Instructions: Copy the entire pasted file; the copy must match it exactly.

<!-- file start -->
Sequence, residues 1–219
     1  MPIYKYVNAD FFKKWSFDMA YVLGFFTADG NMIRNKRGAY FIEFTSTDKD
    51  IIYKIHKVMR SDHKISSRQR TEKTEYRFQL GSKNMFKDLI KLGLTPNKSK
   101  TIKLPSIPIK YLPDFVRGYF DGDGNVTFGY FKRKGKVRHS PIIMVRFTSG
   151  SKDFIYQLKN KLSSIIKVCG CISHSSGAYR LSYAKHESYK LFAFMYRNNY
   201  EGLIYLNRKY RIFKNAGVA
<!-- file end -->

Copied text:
Sequence, residues 1–219
     1  MPIYKYVNAD FFKKWSFDMA YVLGFFTADG NMIRNKRGAY FIEFTSTDKD
    51  IIYKIHKVMR SDHKISSRQR TEKTEYRFQL GSKNMFKDLI KLGLTPNKSK
   101  TIKLPSIPIK YLPDFVRGYF DGDGNVTFGY FKRKGKVRHS PIIMVRFTSG
   151  SKDFIYQLKN KLSSIIKVCG CISHSSGAYR LSYAKHESYK LFAFMYRNNY
   201  EGLIYLNRKY RIFKNAGVA